The stats on the Inc. 5000 list of the fastest-growing private companies in America read like they could be a typo: 640,000 jobs created over the past three years with a growth rate of 490 percent in that time frame. The 5,000 companies' aggregate revenue was $200 billion in 2015.
But the fastest-growing private companies in America really are expanding quickly, and they are making a ton of cash along the way.
Many honorees convened at the annual gathering of Inc. Magazine's list in San Antonio, Texas.
For Dan Hermann, CEO of Paint Nite in Somerville, Massachusetts, landing on the list at No. 2 is a full-circle life moment.
The company he and Sean McGrail founded together in 2012, which organizes parties at bars where attendees paint under the instruction of a local artist, has grown more than 36,000 percent over the past three years, with $55 million in revenue in 2015 from taking a portion of ticket sales from their online platform.
Hermann has long admired the Inc. list, having once worked in the mail room at the magazine.
"It's exciting and flattering to be a part of that. It's a real reward not just for us but our whole team," he said. "I was excited to apply because I knew our growth was in that category."
The friends met at a local trivia night at a bar and realized they could make real money modeling a business that got people out to local venues in a similar way. To date, they have had four million customers come through the system in thousands of places across the globe including the U.S., South Africa, and Argentina.
"Week three, we had posted a lot of events and sold 350 tickets in 11 hours and realized this wasn't going to be an occasional, once-a-month thing. It was something we could host every day in Boston," McGrail said. They have recently done a smaller-scale launch of their next event, a plant-based night, in about 40 cities, and plan to continue that strategic growth.
Stacy Brown is also strategically growing her business, Chicken Salad Chick, which landed at No. 37 on Inc.'s list this year, raking in $9.8 million in 2015, with a growth rate of more than 6,000 percent in the past three years. The company now has 62 restaurants in eight different states selling, yes, chicken salad in 15 different flavor profiles.
Brown got the idea as a single mom in 2008, when she was "obsessed" with eating chicken salad and tried it everywhere she went. She began pursuing the perfect recipe and once she found it, started selling door-to-door in Auburn, Alabama.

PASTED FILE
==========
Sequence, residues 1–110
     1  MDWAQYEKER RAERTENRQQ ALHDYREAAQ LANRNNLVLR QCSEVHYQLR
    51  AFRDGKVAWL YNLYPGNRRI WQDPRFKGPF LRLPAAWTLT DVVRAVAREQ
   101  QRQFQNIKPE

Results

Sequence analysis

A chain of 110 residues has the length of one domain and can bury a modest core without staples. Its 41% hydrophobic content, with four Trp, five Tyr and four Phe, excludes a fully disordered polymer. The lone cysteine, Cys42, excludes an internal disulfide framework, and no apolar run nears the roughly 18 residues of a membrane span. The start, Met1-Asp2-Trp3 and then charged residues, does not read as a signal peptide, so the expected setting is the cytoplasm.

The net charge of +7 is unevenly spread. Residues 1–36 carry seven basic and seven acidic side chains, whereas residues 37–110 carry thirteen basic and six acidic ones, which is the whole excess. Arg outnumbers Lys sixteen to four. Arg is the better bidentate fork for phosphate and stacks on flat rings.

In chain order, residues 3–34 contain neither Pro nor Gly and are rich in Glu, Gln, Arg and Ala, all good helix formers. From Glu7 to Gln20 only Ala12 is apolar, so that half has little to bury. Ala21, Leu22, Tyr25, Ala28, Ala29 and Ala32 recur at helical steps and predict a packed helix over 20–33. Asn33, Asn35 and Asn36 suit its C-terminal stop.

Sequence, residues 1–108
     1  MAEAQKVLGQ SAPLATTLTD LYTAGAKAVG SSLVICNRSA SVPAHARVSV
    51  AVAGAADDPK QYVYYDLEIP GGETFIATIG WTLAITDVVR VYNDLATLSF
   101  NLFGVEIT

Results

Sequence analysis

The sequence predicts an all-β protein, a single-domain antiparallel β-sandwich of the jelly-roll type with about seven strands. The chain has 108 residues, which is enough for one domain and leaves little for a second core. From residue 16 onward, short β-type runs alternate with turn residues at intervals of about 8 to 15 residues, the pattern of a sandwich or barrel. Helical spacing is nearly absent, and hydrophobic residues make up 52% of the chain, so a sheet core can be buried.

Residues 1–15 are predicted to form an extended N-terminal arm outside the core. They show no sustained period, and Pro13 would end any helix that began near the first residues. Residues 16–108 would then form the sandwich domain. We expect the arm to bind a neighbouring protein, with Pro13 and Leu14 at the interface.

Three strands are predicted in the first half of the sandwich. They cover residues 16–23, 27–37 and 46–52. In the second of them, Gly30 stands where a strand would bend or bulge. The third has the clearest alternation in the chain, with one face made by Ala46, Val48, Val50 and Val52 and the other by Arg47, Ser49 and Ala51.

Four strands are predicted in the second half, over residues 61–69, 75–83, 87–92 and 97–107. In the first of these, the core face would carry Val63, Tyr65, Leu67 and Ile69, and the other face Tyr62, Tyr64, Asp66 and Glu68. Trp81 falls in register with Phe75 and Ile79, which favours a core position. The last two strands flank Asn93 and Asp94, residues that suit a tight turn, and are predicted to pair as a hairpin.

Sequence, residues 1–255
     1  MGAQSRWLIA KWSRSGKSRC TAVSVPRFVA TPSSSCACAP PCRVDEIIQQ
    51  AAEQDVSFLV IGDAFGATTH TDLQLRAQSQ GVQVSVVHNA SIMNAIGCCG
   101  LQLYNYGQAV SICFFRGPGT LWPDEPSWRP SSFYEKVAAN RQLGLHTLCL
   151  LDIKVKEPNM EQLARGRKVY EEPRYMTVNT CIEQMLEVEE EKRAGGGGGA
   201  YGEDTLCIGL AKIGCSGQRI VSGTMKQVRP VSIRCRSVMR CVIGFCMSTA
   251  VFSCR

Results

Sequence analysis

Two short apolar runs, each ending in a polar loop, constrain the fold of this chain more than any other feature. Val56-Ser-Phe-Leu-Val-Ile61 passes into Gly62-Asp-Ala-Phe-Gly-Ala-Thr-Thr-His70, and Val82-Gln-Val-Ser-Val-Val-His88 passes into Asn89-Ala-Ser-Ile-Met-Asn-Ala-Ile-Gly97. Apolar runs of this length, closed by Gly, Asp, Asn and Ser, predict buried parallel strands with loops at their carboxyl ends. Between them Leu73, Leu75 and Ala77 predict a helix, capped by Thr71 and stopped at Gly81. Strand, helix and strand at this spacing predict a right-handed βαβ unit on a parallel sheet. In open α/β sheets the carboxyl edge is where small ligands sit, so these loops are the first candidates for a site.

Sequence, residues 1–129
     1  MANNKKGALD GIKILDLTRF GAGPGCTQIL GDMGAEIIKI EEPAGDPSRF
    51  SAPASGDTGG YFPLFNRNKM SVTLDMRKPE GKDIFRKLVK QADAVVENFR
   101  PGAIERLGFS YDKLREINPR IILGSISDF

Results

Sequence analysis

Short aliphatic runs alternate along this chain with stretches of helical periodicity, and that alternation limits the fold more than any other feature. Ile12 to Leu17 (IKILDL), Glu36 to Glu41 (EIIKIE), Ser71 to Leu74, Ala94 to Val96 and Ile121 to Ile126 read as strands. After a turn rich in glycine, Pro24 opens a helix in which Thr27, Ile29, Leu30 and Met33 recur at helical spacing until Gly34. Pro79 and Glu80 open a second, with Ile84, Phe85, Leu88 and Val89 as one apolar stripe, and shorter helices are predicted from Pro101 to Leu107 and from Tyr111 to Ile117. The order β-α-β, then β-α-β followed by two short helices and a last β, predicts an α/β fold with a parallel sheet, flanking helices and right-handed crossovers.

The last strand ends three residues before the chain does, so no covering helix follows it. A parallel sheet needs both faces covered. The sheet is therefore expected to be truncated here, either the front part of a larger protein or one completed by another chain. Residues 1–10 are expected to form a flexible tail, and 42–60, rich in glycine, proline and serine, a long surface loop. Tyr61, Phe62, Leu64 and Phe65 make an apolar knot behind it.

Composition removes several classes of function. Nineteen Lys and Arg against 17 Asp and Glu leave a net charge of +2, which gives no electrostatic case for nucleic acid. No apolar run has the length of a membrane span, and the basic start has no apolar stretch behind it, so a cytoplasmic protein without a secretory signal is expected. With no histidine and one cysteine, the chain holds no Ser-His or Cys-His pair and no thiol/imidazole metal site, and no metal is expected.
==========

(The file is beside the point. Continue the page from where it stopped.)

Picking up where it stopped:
"I was an aggressive salesperson, and it went kind of nuts. My phone was ringing off the hook," Brown said. "Then one day the Health Department called, and they let me know it was illegal to sell anything you've cooked at your home. So I had to shut down and make the decision whether I was going to go in a different direction or take the leap of faith and open a restaurant that only served chicken salad."
One local restaurant quickly turned into three, and then franchise requests began pouring in. Today about 80 percent of the company's stores are now franchised, and Brown said she plans to continue expanding concentrically out of the South and Midwest.
"I'm just proud of everybody that's come along with us that really believes in what we are doing," Brown said. "I can't believe there are that many chicken salad lovers out there."
Both Brown and Hermann say the best advice they've gotten, when it comes to their high-growth companies, came not from investors or advisers but from their parents.
"The best advice I ever received came from my mother: 'Do not be scared of change; depend on it,'" Brown said. "So when things are good, don't take them for granted because things will change. And when things are bad, don't dwell on them because things will change."
"It helps me keep everything in perspective."
For Hermann, the advice came from Dad.
"What comes to mind is something my dad used to say to me, which is, 'If you don't have any enemies, you haven't accomplished anything,'" he said. "I think that is helpful as you go down the path of growing that business, because there is a lot of rub along the way. You have to remember that is healthy and part of what you are going through. Not everyone will agree with all of your decisions."
And for Hermann's co-founder, McGrail, the go-to business advice is a mantra: "Perfect is the enemy of good enough."
"To scale as rapidly as we did, I think, was a wise decision," he said. "Instead of making sure everything was perfect when launching, just putting it out there the feedback was great and we would learn really quickly. For other entrepreneurs that is my advice. Don't wait until it's perfect. Go out there and put it in the world and you will learn."